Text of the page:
American Friends Service Committee
Sara Burke, Managing Editor
Sam Diener, Editor
Pat Farren, Founding Editor
2161 Massachusetts Ave.
Peacework has been published monthly since 1972, intended to serve as a source of dependable information to those who strive for peace and justice and are committed to furthering the nonviolent social change necessary to achieve them. Rooted in Quaker values and informed by AFSC experience and initiatives, Peacework offers a forum for organizers, fostering coalition-building and teaching the methods and strategies that work in the global and local community. Peacework seeks to serve as an incubator for social transformation, introducing a younger generation to a deeper analysis of problems and issues, reminding and re-inspiring long-term activists, encouraging the generations to listen to each other, and creating space for the voices of the disenfranchised.
Views expressed are those of the authors, not necessarily of the AFSC.
A Movement to Change the World?
Roxanne Lawson is the Mobilization Coordinator for the American Friends Service Committee.
Since September 11, 2001 the US peace movement has experienced a powerful resurgence. This incredible growth in membership and participation rose out of a need to combat the militarism of the Bush Administration and its policy of widening a misleading and globally oppressive "War on Terror." Not only are traditional peace organizations such as the American Friends Service Committee, Fellowship of Reconciliation, and Peace Action continuing their long-established defense of pacifism and nuclear disarmament, but groups that did not previously speak out against US military interventions, including Physicians for Social Responsibility and mainstream Hollywood actors, also joined in rallying opposition to the war on Iraq. Despite this growth, political and ideological differences, classism, racism, nepotism and the desire to pander to the "mainstream" are keeping the peace movement from realizing its potential to deeply and positively impact US foreign and domestic policy.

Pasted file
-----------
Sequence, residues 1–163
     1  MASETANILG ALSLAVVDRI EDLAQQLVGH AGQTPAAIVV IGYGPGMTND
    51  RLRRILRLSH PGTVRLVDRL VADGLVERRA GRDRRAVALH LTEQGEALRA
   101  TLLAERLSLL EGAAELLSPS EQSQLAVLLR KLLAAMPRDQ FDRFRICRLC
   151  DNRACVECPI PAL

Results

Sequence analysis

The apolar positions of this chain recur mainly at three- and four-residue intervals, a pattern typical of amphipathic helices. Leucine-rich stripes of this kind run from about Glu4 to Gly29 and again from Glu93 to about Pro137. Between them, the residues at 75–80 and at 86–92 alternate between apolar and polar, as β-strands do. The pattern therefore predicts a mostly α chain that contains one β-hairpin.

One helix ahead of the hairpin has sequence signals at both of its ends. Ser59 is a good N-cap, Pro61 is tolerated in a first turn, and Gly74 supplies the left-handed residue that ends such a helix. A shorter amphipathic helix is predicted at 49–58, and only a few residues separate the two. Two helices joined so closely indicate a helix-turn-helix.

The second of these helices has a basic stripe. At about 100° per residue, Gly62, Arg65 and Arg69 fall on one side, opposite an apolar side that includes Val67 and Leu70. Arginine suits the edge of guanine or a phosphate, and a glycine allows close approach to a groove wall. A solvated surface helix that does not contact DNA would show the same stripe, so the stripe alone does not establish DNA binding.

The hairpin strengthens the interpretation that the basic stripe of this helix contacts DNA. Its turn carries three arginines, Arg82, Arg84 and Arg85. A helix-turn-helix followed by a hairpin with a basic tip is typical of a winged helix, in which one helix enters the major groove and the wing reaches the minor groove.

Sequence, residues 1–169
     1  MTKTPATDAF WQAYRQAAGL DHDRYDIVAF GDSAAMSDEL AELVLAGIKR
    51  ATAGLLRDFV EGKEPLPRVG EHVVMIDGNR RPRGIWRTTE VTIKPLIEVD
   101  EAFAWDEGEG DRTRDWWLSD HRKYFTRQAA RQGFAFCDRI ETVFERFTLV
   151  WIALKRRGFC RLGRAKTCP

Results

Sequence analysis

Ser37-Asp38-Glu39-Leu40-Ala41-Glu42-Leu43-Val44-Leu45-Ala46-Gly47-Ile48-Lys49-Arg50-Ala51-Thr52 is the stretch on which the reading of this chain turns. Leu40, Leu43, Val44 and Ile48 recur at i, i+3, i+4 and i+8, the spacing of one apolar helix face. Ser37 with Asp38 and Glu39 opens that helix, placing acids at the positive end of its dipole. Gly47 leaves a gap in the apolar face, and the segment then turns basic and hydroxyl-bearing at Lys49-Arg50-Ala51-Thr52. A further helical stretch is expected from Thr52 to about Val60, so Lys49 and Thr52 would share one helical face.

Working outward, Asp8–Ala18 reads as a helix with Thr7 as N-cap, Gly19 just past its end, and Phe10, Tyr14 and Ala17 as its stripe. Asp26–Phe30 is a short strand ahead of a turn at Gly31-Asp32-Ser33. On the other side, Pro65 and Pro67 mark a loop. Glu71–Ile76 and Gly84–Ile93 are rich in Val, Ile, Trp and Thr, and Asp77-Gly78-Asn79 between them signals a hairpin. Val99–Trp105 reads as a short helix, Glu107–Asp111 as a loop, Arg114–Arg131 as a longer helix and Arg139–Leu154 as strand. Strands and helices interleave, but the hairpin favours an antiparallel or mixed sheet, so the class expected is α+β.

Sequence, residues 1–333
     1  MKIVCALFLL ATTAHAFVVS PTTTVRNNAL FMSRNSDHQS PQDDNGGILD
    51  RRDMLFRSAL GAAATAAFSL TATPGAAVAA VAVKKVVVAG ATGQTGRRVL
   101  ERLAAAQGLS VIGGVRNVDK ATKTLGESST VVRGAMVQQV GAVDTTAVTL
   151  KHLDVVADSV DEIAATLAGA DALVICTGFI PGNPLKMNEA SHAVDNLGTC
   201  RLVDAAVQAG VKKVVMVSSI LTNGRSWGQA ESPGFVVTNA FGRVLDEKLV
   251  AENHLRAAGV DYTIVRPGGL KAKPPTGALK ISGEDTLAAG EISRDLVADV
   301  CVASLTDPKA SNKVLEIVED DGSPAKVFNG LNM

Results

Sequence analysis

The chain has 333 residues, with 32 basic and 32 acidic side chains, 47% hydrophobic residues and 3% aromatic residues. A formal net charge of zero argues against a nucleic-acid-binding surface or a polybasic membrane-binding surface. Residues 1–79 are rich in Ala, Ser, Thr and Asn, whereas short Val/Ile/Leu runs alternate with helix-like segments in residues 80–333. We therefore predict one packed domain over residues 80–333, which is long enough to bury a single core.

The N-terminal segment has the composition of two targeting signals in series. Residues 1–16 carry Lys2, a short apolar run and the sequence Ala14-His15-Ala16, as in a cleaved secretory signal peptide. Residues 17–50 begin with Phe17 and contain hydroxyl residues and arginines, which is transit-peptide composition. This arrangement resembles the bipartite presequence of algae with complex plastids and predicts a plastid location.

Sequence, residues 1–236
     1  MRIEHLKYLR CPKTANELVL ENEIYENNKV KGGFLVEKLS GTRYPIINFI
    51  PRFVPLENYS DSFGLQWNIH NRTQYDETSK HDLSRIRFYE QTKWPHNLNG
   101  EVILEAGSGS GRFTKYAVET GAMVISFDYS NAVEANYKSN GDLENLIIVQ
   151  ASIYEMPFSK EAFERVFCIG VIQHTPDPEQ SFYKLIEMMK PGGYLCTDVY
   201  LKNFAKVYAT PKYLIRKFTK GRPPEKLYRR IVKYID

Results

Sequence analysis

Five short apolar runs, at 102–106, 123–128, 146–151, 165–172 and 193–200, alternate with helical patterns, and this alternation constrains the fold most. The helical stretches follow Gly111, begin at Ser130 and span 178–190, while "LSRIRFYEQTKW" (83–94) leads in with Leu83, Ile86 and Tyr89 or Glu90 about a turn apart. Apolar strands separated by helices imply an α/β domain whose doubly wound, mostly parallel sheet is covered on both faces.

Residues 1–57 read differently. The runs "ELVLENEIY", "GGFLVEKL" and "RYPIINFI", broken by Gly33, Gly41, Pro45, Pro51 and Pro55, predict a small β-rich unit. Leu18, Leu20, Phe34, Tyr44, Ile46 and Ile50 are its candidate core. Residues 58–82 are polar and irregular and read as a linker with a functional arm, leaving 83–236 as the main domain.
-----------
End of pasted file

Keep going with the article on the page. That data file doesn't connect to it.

The past eighteen months have seen the birth of two major national anti-war coalitions, Win Without War (WWW) and United for Peace and Justice (UFPJ). Along with International Act Now to Stop War and End Racism (ANSWER), which was founded in the fall of 2001 as an outgrowth of the Workers' World Party, these coalitions have mobilized an unprecedented number of people in opposition to the war on Iraq at a historic pace. Note that the anti-Vietnam-War movement peaked in 1971, many years into the war, while the movement to stop the war in Iraq mobilized large numbers of people even before the second Bush administration had fired an official shot.
These diverse coalitions hold as their collective objective the need to stop the Bush administration and its allies from carrying out an endless global war and further eroding civil liberties. Both UFPJ and ANSWER also seek to publicly clarify the links between militarism and US economic policies. This anti-war movement has grown out of organizations which were active in opposition to what some define as the first two battles of the War on Terror: the war on human rights and civil liberties at home and the war on Afghanistan. The current overlapping alliances between groups created to focus on these areas and the traditional US peace movement, have grown out of new and innovative ways that groups responded to the 2003 war in Iraq.